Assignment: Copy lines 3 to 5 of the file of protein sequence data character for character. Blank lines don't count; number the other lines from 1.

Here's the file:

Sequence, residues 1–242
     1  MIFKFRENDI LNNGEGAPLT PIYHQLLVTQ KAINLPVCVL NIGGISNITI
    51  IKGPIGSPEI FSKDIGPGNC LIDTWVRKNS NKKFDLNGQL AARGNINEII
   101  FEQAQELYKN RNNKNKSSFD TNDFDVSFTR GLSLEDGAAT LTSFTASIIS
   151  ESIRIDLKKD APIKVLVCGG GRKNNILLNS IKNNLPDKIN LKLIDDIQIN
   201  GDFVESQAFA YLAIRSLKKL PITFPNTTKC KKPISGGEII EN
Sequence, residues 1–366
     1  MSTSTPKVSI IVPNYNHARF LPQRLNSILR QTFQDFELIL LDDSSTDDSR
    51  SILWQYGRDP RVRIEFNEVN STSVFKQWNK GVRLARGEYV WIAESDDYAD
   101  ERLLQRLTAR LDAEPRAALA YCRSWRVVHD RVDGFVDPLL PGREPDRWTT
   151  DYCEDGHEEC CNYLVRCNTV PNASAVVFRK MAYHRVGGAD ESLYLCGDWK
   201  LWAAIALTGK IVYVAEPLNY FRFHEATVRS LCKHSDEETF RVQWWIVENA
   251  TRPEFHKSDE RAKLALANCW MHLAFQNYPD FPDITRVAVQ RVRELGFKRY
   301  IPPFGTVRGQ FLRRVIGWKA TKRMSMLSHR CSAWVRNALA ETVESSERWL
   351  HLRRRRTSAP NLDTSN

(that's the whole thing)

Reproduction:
    51  IKGPIGSPEI FSKDIGPGNC LIDTWVRKNS NKKFDLNGQL AARGNINEII
   101  FEQAQELYKN RNNKNKSSFD TNDFDVSFTR GLSLEDGAAT LTSFTASIIS
   151  ESIRIDLKKD APIKVLVCGG GRKNNILLNS IKNNLPDKIN LKLIDDIQIN